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Frank McKenna, President, ILS

By | November 1, 2007

      Approximately a year after becoming an independent company, International Launch Services Inc. (ILS) was in the midst of a record year in 2007 before a September Proton failure halted the company’s momentum.

      The interruption was only temporary, as the Russian government returned the Proton to service Oct. 26 with the launch of three Glonass satellites, and ILS is slated to perform its next mission in November.

      While operations were halted briefly, ILS remains on pace for a record year, says ILS President Frank McKenna. Through August, the launch provider had inked 11 different contracts with a total value of more than $1 billion. “The last time we had more than $1 billion in orders for a year was in 2000, and we had three products — Atlas 3, Atlas 5 and Proton — serving much larger markets,” he says.

      McKenna, who served as ILS’ vice president and deputy for two years before being named president, spoke with Via Satellite Editor Jason Bates in August prior to the Proton failure and later commented on the Proton’s return to service.

      Via Satellite: How did the Proton failure affect your business as well as the heavy-lift launch market?

      McKenna: The failure was a significant disappointment and a reminder of how important a focus on performance really is. Now that Proton successfully returned to flight with a Russian federal Glonass mission, we are working with our customers to re-establish the commercial manifest for the rest of 2007 and early 2008 as well as coordinate with the scheduled Russian federal missions.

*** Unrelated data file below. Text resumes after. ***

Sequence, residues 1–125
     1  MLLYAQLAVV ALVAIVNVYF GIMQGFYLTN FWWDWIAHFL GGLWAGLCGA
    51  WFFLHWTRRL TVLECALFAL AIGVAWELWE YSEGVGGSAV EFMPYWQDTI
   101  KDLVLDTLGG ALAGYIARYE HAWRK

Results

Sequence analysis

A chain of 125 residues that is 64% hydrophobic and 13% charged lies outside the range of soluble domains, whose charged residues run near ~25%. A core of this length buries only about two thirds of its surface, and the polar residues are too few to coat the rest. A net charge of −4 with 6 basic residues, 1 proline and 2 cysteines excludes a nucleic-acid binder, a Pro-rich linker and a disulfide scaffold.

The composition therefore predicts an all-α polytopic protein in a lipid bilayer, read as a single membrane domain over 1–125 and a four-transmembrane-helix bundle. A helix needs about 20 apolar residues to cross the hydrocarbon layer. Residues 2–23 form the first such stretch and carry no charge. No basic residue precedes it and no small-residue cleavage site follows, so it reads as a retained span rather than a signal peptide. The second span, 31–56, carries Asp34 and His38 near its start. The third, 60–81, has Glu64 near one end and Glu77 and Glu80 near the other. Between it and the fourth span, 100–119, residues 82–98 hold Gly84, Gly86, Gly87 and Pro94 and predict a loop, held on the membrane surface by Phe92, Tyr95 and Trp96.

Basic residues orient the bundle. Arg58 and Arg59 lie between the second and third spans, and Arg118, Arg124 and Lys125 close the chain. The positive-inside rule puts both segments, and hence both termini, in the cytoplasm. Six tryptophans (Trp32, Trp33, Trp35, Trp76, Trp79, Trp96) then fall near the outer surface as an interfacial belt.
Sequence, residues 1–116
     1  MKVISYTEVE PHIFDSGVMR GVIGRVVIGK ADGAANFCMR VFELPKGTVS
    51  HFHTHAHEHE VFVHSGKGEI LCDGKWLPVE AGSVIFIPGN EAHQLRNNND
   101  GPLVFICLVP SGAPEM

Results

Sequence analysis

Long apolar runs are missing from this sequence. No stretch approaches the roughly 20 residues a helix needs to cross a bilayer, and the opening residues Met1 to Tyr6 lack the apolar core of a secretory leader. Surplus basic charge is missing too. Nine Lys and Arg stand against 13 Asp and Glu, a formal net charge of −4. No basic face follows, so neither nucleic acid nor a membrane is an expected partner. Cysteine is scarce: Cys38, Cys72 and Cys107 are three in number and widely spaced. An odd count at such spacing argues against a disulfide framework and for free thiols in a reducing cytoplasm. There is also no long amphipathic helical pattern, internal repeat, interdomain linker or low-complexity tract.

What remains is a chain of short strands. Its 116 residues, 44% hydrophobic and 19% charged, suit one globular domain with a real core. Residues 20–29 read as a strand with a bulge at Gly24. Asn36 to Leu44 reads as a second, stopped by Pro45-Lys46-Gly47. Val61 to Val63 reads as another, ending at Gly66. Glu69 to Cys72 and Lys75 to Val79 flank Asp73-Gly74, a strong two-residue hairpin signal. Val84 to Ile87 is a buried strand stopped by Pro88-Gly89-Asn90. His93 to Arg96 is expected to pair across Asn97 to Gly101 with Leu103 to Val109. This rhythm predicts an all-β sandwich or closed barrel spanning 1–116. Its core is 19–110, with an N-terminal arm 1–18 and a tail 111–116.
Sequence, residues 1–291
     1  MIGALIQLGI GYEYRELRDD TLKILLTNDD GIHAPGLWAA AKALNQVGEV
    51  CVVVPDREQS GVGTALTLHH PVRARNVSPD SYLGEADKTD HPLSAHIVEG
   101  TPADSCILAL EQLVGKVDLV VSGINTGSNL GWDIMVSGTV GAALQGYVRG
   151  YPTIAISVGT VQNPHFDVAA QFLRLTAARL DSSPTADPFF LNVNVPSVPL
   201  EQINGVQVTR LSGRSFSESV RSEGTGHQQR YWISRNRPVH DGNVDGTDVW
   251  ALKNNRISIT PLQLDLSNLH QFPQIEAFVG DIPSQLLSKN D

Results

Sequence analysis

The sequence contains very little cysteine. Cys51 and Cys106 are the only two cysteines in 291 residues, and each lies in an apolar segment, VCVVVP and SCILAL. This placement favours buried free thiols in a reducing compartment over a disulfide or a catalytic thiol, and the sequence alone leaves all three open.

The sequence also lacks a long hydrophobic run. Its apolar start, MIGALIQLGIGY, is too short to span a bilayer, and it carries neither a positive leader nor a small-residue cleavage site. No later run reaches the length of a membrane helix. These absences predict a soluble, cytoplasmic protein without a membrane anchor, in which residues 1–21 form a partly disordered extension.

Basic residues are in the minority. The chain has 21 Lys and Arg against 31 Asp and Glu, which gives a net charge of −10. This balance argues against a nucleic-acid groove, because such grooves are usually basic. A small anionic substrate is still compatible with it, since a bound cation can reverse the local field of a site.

Via Satellite: What message does Proton’s quick return to service send to the industry?

      McKenna: The message is that Proton is one of the most reliable vehicles in the industry. The Proton system is robust and will serve the industry’s needs well into the future. Regarding the investigation, it’s important to point out that the Russian State Commission was able to examine recovered hardware, not just telemetry from the mission. This was the major factor in enabling them to make a straight-forward determination of the cause of the failure and the necessary corrective actions. We started briefing insurers and customers, and they understand and have been satisfied with the findings. [The] successful Proton launch was further validation that the cause had been found and corrected.

      Via Satellite: How has new ownership and the loss of Atlas 5 affected ILS?

      McKenna: In establishing the company we focused on one product, which is the Proton M/Breeze M and set forth a strategy to become very focused on that product and the idea of performance. We reorganized to focus each of the organizations and cut back some of the staff. We are now a pretty strong, flexible and decisive organization. … I think in the larger scheme of things, this has been a great strategy change of ILS. Previously, we have had market strategies that marketed both products and was not quite as clear of focus. There was a price differential between products and mixed messages in the market about availability. I think the new strategy plays better than multiple launch system strategy.

      Via Satellite: So the loss of the mutual backup marketing plan has not hurt ILS?

      McKenna: There was a lot of hype around mutual backup strategies and we maybe sold one or two of those on that basis, but it was very few in terms of the larger scheme of things. Quite frankly, the backup type programs that the competitor has set up have not worked either. If you ask the operators, most prefer to create diversity in their launch procurements on their own without having a single supplier figure out how to do that for them.